Comment of the Day Runner-Up: Drying Out North Shepherd

COMMENT OF THE DAY RUNNER-UP: DRYING OUT NORTH SHEPHERD “In a perfect world, the ‘dry’ restrictions from the Shepherd/Durham corridor would be removed, yet the residential areas to the east would stay dry, and Shady Acres over to Ella would also be dry, except on 19th and 20th. This would spur commercial development onto the more high traffic streets, and let the others with their 18′ wide pavement and drainage ditches stay residential. But hey, it’s Houston, so not gonna happen. I think commercial businesses from out of town still are unaware of the income growth around the Heights and are using old demographic numbers. A new strip center took the place of one of these used car lots up at 22nd and Shepherd last year. It has yet to be more than 50% leased out. I think it holds a precious metals buyer and a pay by the month cell phone store. It’s going to take a few more years, and some better income surveys before there’s a rush to develop this corridor.” [ShadyHeightster, commenting on A Guide to North Shepherd’s Auto Parts]

18 Comment

  • Clearly someone is seeing the potential – thank goodness… even north of the loop. Cottonwood, Shepherd Park, Pink’s Pizza, and the fancy new LA Fitness (gasp, North of 43rd!) have all sprung up in the last year or so. I agree it may take a few years, but I actually see a complete transformation of North Shepherd all the way up to where it meets 45. One can hope, anyway. Hey – maybe some of the wealthy parents hauling their kids up to St. Pius High School north of Pinemont everyday know some developers? I’m sure they’d love a Starbucks up there for the drive.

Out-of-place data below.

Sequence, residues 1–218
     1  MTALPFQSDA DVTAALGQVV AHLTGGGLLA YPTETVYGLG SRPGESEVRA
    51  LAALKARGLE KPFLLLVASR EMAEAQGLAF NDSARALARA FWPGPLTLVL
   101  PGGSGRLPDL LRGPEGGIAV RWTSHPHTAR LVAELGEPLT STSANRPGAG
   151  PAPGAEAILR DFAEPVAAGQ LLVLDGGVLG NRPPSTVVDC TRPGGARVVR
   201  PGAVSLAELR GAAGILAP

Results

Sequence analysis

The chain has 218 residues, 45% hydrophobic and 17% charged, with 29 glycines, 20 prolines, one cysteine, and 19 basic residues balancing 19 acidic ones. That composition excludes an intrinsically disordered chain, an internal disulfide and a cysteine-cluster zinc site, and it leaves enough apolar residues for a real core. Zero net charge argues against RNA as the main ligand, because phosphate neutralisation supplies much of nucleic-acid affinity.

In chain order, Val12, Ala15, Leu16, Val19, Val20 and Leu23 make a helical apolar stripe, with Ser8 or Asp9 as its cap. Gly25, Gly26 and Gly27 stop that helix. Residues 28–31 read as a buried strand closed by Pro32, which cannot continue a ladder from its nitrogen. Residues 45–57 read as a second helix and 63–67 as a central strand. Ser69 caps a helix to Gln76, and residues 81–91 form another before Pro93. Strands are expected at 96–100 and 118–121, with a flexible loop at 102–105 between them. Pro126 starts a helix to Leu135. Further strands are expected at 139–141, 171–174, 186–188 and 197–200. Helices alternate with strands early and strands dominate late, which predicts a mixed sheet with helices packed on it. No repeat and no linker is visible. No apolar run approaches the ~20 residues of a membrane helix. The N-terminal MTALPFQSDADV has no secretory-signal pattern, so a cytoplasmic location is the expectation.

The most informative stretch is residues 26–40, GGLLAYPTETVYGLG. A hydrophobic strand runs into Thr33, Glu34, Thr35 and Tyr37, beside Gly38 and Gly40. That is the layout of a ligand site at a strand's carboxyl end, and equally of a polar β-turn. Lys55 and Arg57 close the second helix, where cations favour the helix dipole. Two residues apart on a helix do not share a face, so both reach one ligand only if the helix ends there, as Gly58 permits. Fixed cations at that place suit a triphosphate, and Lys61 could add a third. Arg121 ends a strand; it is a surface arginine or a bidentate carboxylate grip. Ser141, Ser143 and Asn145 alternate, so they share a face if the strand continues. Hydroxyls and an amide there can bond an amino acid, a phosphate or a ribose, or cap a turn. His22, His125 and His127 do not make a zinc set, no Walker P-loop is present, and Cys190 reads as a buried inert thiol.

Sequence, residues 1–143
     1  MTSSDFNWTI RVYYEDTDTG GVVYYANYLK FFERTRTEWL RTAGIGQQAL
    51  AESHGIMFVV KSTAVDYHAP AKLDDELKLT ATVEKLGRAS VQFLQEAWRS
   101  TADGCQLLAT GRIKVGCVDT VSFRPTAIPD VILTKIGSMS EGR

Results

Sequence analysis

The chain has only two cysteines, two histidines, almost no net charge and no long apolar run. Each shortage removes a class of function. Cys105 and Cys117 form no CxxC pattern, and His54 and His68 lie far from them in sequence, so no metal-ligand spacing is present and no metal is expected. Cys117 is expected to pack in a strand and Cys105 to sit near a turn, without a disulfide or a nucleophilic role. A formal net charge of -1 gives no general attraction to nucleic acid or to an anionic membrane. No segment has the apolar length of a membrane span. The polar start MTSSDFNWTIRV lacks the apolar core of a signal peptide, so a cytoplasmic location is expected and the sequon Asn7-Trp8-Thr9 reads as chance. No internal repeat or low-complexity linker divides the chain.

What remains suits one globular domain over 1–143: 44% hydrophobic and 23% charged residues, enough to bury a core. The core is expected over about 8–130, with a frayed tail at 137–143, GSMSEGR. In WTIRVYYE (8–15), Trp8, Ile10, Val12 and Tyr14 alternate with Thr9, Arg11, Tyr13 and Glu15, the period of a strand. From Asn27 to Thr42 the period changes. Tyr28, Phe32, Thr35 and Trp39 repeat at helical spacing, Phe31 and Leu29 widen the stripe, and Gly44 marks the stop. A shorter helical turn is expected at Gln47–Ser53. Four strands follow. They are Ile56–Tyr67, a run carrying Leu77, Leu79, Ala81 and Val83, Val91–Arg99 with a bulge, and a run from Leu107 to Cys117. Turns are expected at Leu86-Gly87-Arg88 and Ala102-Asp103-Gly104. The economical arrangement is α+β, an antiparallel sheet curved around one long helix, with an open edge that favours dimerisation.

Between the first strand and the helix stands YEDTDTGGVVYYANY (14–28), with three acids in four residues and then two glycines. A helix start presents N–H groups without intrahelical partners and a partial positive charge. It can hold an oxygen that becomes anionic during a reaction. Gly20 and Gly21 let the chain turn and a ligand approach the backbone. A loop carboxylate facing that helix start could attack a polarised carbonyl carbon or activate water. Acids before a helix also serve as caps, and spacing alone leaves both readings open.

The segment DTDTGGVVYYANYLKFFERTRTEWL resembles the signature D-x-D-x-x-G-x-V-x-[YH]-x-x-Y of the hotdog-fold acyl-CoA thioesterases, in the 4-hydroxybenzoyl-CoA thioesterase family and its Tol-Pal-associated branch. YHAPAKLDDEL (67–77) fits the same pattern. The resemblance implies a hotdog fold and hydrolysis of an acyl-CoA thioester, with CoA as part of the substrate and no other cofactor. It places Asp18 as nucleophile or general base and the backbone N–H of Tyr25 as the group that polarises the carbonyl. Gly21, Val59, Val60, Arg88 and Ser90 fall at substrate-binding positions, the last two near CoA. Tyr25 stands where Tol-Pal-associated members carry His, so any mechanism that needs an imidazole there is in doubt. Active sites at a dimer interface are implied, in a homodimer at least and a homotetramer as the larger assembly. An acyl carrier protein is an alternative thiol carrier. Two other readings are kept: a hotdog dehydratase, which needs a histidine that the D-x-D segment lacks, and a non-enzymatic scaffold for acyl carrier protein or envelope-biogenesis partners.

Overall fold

• I’m sure developers are well aware of the current demographics of that area, frankly it’s still pretty sketchy and I’m sure that’s why that strip center is 50 percent leased and what it does have caters to a lower income demographic. Maybe you can push for a Dollar Tree. As for the area being dry, no part of Houston should be dry, it’s like the old blue law…totally silly